The past Saturday, the wife and I went back to Provenance to finally pull the trigger. We looked at the few slabs they had and picked the one that we thought looked the best and had the least knots/cracks/fissures. We saw that there was a small tear-out left by the planer. The guy advised us that we could probably sand the hole thing down a 1/16 of an inch and things would be ok. I’m thinking in my head, ok, it sounds possible, but we’re talking about a piece of wood that is around 8 feet tall and ~34” wide. I’ve read book where people are hand planing there own raw cut wood, why wouldn’t an inexperienced wood worker be able to sand it down evenly?!? Ha! Of course, the wife is starting to get worried and I stay in my own naive world.
Word gets back to the MiL’s boyfriend that we have this huge piece of wood with a rough area left by the planer. He immediately knows that the grain must have slightly changed directions in this area for this to happen. I had to refer to the picture to verify that he was correct! Then he tells me with a little urgency in his voice, “You’re going to have to send it through a planer again to get it smooth. And finding someone with a 36” planer isn’t going to be easy. I might have a friend down in Maryland but I’m not even sure of that.” Now the wife is panicking. She’s wondering what did we get ourselves into and did we just waste our money on this piece of wood. I kept telling her we’re fine. The guy said we can sand it, we can sand it. It will take a while but all you need is a lot of patience, lots of sand paper and a straight edge.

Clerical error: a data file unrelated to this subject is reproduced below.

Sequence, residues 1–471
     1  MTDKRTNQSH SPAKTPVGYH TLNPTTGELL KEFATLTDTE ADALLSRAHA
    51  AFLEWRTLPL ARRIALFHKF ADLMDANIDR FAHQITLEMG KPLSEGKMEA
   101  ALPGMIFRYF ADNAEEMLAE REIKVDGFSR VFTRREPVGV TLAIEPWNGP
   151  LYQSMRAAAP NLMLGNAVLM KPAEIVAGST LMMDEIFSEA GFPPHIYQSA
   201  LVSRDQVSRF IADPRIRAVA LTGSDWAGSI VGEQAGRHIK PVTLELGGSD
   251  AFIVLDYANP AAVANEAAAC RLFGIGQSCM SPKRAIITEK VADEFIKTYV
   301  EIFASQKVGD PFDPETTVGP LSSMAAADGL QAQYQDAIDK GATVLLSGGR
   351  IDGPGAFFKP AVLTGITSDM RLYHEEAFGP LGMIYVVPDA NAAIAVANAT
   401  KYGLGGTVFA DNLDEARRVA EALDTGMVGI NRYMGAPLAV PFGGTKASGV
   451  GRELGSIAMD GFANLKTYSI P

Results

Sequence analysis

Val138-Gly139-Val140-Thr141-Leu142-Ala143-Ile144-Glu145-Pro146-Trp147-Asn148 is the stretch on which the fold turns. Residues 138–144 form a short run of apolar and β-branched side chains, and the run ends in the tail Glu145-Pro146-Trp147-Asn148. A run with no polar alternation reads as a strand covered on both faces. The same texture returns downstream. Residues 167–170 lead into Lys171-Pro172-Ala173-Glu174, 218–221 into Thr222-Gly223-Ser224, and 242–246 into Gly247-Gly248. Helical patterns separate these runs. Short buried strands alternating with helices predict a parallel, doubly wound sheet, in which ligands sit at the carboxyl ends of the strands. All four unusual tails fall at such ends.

The next day, the MiL’s BF, calls me and says he’s been thinking about it some more. He’s moved away from the re-planing idea. He thinks we might just end up with the same results (tear-out). So the next step is to talk to some more people and possibly find a drum sander that is large enough for this piece.
Monday rolls around and I get another call from the MiL’s BF. He’s now been talking to the SiL’s FiL and another friend; both make furniture as a hobby and both give him almost the same advice. They said we could send it through the planer again but make sure you only remove a little material. This should help prevent any further tear-out from happening. The next suggestion is to cut the piece into 2. Then send the 2 halves through a sander or planer and then epoxy them back together. He said with the grain, you’d never know that it was split. Um, yikes!
Yeah, this is going to be a bigger project then we originally thought. At this time I don’t have a better picture of the tear out, but any and all suggestions are welcome!